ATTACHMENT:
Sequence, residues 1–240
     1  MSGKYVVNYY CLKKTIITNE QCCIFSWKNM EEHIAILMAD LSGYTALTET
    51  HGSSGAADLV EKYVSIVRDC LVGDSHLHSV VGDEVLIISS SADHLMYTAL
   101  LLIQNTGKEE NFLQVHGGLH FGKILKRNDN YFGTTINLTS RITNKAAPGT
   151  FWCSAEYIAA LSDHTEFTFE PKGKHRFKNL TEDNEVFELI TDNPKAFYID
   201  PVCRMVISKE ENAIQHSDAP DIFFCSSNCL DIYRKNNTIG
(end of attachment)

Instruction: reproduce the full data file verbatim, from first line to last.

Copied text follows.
Sequence, residues 1–240
     1  MSGKYVVNYY CLKKTIITNE QCCIFSWKNM EEHIAILMAD LSGYTALTET
    51  HGSSGAADLV EKYVSIVRDC LVGDSHLHSV VGDEVLIISS SADHLMYTAL
   101  LLIQNTGKEE NFLQVHGGLH FGKILKRNDN YFGTTINLTS RITNKAAPGT
   151  FWCSAEYIAA LSDHTEFTFE PKGKHRFKNL TEDNEVFELI TDNPKAFYID
   201  PVCRMVISKE ENAIQHSDAP DIFFCSSNCL DIYRKNNTIG